staff to adopt new behaviours. He splits each action into five              see.
    different categories, starting with the ones least likely to achieve
    success:                                                               •	   Talk to individuals, ask what problems they have. Managers
                                                                                often say they know what is wrong but the truth is they
    No! Don’t do this!                                                          often don’t. They imagine that everyone sees things as
                                                                                they do.
    •	   Turn the whole thing over to the employees and ask
         them to come up with a plan – involvement is fine but             •	   Talk about transition and what it does to people. Never
         has to be carefully planned. Simply to turn power over to              pretend that change is easy.
         people who don’t want a change to happen is to invite
         catastrophe.                                                      •	   Hold regular team meetings.

    •	   Break change into smaller changes. One change after               As an underlying principle, Bridges urges leaders to adopt
         another is trouble. Better to introduce changes in one            tactics that don’t merely change the situation, but help people
         coherent package.                                                 make the psychological reorientation.

    •	   Tell them to stop dragging their feet. Don’t make threats –       How to deal with non-stop change
         they build ill-will faster than generate positive results.
                                                                           With many changes occurring at once, it is important to analyse
    Not very important. Maybe even a waste of effort.                      the changes and try to discover an underlying common
                                                                           purpose e.g. the need to save money, or to speed up processes.
    •	   Explain changes in carefully written memo or e-mail. E-mail       Is there a larger pattern that rationalises all the changes?
         is a poor way of conveying complex information. Written           Bridges compares this to joining the dots in a children’s puzzle
         information is usually used to protect the sender rather          and discovering the hidden picture.
         than inform the reader: when you put things in writing,
         people can’t complain that they weren’t told.                     He advises managers to bear three key points in mind when
                                                                           dealing with a near constant state of flux:
    Yes and no. Depends on how it’s done
                                                                           •	   Rebuild trust: When people trust their manager, they’re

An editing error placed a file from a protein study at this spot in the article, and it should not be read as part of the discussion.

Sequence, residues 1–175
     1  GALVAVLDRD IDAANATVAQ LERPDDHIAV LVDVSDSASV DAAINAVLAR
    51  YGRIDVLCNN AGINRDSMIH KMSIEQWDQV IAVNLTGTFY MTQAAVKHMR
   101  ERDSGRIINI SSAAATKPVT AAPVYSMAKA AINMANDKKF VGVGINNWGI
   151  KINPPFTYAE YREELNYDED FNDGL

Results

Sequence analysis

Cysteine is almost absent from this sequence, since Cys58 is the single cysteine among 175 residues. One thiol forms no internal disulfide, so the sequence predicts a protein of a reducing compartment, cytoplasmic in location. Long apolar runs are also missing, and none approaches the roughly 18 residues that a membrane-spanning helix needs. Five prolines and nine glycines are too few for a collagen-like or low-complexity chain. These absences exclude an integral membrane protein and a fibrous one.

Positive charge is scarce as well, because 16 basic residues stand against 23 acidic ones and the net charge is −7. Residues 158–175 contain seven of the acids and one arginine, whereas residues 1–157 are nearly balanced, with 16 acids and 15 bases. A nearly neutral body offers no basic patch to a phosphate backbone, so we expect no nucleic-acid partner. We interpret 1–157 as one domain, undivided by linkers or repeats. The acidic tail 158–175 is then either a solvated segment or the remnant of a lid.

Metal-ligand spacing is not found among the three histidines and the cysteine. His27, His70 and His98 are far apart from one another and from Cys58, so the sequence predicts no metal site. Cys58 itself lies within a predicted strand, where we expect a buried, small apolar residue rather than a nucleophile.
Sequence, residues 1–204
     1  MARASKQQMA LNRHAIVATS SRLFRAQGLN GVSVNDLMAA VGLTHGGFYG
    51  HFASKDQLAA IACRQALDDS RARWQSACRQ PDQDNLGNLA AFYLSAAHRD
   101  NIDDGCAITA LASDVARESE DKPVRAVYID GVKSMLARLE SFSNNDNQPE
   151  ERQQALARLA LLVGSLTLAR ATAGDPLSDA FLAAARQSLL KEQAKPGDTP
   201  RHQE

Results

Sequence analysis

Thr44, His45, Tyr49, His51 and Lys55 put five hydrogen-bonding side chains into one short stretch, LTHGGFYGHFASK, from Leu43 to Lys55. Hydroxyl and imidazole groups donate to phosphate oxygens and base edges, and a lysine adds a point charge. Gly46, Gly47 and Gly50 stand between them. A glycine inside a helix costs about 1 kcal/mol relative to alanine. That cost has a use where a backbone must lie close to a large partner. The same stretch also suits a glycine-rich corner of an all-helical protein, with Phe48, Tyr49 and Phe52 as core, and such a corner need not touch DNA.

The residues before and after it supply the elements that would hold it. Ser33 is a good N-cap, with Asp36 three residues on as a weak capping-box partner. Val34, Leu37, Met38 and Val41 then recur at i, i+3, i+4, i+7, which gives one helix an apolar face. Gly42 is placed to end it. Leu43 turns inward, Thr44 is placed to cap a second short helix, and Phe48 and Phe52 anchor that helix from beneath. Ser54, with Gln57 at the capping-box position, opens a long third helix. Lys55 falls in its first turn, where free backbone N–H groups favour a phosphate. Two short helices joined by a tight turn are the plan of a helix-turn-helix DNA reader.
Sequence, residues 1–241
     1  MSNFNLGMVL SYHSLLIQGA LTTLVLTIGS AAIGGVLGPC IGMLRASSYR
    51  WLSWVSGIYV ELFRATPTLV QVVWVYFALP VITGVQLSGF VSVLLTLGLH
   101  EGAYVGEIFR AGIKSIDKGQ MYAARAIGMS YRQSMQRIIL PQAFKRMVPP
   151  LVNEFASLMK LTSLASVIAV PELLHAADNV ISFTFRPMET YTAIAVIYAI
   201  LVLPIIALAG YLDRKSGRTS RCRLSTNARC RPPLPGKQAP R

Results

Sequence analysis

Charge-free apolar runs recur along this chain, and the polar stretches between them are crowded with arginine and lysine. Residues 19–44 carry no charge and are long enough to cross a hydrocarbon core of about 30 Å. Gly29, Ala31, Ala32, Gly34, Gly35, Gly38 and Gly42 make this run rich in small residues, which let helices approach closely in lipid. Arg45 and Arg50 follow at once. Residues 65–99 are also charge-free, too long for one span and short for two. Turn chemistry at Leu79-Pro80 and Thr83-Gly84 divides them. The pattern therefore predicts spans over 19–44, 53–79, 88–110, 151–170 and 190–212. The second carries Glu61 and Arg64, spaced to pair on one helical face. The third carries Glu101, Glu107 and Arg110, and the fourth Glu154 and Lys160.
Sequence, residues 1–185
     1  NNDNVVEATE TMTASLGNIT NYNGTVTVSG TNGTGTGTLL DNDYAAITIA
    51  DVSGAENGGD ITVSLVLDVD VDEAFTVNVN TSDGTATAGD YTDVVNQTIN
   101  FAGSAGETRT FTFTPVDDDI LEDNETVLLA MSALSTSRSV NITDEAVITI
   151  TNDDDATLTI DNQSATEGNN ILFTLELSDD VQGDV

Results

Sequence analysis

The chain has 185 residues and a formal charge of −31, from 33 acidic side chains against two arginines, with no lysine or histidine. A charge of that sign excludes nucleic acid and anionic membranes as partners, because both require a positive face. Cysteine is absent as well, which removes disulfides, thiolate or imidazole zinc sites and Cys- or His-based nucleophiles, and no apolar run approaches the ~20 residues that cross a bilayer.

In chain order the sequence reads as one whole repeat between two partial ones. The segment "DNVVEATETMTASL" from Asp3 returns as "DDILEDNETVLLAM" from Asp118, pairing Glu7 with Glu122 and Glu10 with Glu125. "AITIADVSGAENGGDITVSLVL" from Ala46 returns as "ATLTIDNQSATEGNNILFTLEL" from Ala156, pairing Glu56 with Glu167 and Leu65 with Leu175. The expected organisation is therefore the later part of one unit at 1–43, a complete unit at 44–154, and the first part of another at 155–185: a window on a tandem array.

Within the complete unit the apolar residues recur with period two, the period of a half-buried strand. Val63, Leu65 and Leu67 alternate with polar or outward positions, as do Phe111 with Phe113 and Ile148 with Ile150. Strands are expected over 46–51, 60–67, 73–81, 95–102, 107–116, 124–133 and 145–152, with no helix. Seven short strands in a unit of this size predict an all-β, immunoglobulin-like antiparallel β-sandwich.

•	   Appoint a change manager responsible for seeing that                   likely to undertake a change even if it scares them. When
         the changes go smoothly. This works if it has been well-               they don’t feel that trust, progress isn’t likely to occur. The
         planned with proper communication, training and support.               technique is simple – simple to explain anyway: start being
         If the person is simply employed as an enforcer, it will               trustworthy. Do what you’ll say you’ll do, be honest. The
         weaken the change effort.                                              single key to the building of trust: tell the truth.

Managing Transitions by William Bridges

    •	   Unload old baggage: During change, old grievances can
         resurface from previous mismanaged transition. Every
         transition is an opportunity to heal old wounds. It is never
         to late to become an organisation that manages its people

    •	   Keep selling problems – it makes people readier for change
         in general.


    In the midst of the upheaval caused by major change, it may
    be difficult for managers to find time to get involved with the
    psychology, the personal side of change management.

    But with so much change in the NHS, many managers may
    find themselves dealing with the aftermath of mismanaged
    or unmanaged reorganisations from the past. It creates
    resentment, anxiety, self-absorption and stress. These are the
    costs of not managing transition effectively – something to bear
    in mind if there is temptation not to worry about staff reaction
    to the latest plan for change. It’s a shortcut that costs much
    more than it saves.

    With difficult challenges ahead, the NHS in Wales needs a
    motivated and energised workforce more than ever. There’s no
    way to avoid change in the NHS, but you can manage it well.
    And if we want to come through it, we must.